As tight pallet markets continue to result in some degree of pallet substitution, material handlers should be mindful of limitations imposed by novel pallets in supply chains
June 14, 2022, marks National Forklift Safety Day in the United States. Once again the lift truck industry is doing a commendable job in promoting forklift and operator safety through a variety of educational events and promotions. During this prolonged supply chain crunch, when shippers continue to look for creative solutions to meet their pallet needs, it makes sense to include them in the conversation.
Here’s the thing. When things change in your materials handling system, it is important – a legal requirement- to identify, assess and address significant new risks. Over the last year, considerable press has been devoted to the pallet shortage that has led shippers to look for alternative pallet solutions. While the pallet supply situation has improved somewhat, National Forklift Safety Day seems like an ideal opportunity to remind supply chain participants to keep the pallet in mind as a component of their forklift safety program.
A partnership over 100 years in the making
Forklift and pallet go way back. They have enjoyed an enduring partnership, over a century in the making. In the early days, spacers were placed between unit loads to enable the entry of the lift platform for the placement or removal of loads. The practice of the forklift operator leaning outside the lift truck to place the spacers between loads before lowering was in itself a very risky practice, one that would become redundant with the attachment of the vertical spacers to a deck to create the skid. It was a breakthrough that would allow the operator to remain safely in the truck.
The development of the center stringer or stringers reduced deck board span, requiring pallet forks rather than a single lift platform. And the addition of the bottom deck to the pallet resulted in the creation of the pallet. The stacking of loads became safer and more efficient. Fast forward many decades and pallet specifications have been established and honed with time to meet a plethora of today’s pallet use cases. To find out more about the early development of the pallet, read What Came First, The Pallet Or The Forklift.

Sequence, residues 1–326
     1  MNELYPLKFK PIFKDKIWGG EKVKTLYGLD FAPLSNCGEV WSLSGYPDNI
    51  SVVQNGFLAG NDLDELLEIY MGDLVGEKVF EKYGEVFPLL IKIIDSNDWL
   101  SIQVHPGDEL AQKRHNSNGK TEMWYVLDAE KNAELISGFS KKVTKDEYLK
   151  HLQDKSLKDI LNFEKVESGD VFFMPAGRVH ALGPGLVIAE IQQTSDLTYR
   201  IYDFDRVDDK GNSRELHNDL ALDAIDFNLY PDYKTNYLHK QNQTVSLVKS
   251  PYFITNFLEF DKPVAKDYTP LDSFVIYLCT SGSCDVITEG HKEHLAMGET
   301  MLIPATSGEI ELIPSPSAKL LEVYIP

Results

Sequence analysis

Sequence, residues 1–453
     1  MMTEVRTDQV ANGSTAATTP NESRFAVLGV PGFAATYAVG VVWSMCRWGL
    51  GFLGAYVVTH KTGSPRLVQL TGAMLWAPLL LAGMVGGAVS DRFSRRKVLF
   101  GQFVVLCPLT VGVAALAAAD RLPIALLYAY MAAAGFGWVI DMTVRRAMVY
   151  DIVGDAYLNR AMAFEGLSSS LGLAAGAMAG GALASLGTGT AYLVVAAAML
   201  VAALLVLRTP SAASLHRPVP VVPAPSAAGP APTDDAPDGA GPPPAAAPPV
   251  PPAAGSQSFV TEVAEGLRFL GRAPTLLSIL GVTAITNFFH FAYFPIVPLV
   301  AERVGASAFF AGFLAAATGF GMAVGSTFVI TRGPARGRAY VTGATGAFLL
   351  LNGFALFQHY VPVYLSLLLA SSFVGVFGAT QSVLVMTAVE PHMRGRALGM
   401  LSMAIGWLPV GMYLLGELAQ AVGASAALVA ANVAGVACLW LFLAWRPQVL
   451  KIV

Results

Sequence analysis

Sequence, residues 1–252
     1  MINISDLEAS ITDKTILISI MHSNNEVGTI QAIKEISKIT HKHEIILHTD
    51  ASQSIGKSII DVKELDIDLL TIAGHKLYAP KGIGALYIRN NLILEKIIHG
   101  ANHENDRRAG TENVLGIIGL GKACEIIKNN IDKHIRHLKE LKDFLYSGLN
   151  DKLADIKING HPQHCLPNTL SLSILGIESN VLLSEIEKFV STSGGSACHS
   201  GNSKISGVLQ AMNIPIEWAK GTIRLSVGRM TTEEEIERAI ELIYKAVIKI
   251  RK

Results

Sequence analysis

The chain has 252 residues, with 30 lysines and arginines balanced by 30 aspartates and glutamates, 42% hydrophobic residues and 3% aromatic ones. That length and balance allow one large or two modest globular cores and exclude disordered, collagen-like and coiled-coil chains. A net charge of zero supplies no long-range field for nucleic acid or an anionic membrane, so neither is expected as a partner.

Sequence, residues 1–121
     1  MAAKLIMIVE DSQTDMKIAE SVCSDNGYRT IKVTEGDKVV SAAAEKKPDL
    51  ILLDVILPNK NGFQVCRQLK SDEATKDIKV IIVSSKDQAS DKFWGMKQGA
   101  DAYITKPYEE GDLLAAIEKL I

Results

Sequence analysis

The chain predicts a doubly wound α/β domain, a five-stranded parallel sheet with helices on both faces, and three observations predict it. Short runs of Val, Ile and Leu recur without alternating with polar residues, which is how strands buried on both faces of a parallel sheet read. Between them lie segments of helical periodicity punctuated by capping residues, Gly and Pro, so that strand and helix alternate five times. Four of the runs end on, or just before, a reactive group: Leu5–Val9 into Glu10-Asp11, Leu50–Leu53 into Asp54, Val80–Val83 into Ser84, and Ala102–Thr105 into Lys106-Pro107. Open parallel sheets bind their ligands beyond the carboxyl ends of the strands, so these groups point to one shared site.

A different pallet can introduce unforeseen risks
Pallet specifications have become commonly accepted in many supply chains over time, as well as having become standard practice when prescribed by a rental pool operator or pallet user, for example. Product suppliers for some customers are obligated to demonstrate through pallet design software such as Best Pallet or PDS that the pallet meets the requirements of the application. Introducing a new pallet without undertaking due diligence can lead to potential performance and safety issues.
Engage material handlers and other supply chain stakeholders in the conversation
When significant changes are introduced to the pallets in your supply chain, a dialogue with trading partners and company material handlers is warranted.
Make sure to communicate intended pallet changes to trading partners to ensure that the modified pallet will be compatible with their material handling systems, including storage systems, conveyors, other automation, or retail delivery, for example.
Material handlers should be alerted to changes to the pallet, and understand any limitations that would compromise worker safety. For instance, understand the load capacity of the loaded pallet before attempting to rack it, etc., or enhance sanitation if you anticipate an increased generation of wood splinters on the warehouse floor because of a lower grade pallet. Another consideration, if the pallet is more slippery, it may require a change to pallet wrapping or more delicate handling. Changes may introduce new risks to worker safety, so it is important to alert material handlers to those risks and train them appropriately.
Resources available for National Forklift Safety Day
Pallet safety aside, Industrial Truck Association’s ninth annual National Forklift Safety Day will take place on Tuesday, June 14 at the National Press Club in Washington, D.C., celebrating forklift safety. For the first time, the event will be hybrid, with in-person and virtual attendance options. The event serves as an opportunity for forklift manufacturers to highlight the safe use of forklifts, the value of operator training, and the need for daily equipment checks.
For the first time, the Industrial Truck Association’s event will be hybrid, with in-person and virtual attendance options.
Open to everyone, National Forklift Safety Day registration is now open on ITA’s website. To register to attend in person or virtually, please visit the website. The format will remain the same as past years’ events with presentations from government representatives, safety experts, and industry representatives.
The speakers for National Forklift Safety Day 2022 include:
- Chuck Pascarelli, President, Americas, Hyster-Yale Group (Chairman, ITA Board of Directors)
- Douglas Parker, Assistant Secretary of Labor for Occupational Safety and Health (OSHA)
- Jonathan Dawley, President and CEO, KION North America, (Chairman, National Forklift Safety Day 2022)
- Lorne Weeter, Senior Vice President, NA Customer Service, Dematic
- Brian Duffy, Director of Corporate Environmental and Manufacturing Safety, Crown Equipment Corporation
“ITA has been the voice of the industrial truck industry for over 70 years,” said Brian Feehan, president of ITA. “We understand there is a critical need for effective forklift operator training, and ITA’s National Forklift Safety Day is meant to keep that discussion at the forefront year-after-year.”
As National Forklift Safety Day nears, more information and updates will be made available on ITA’s website at https://indtrk.org/national-forklift-safety-day.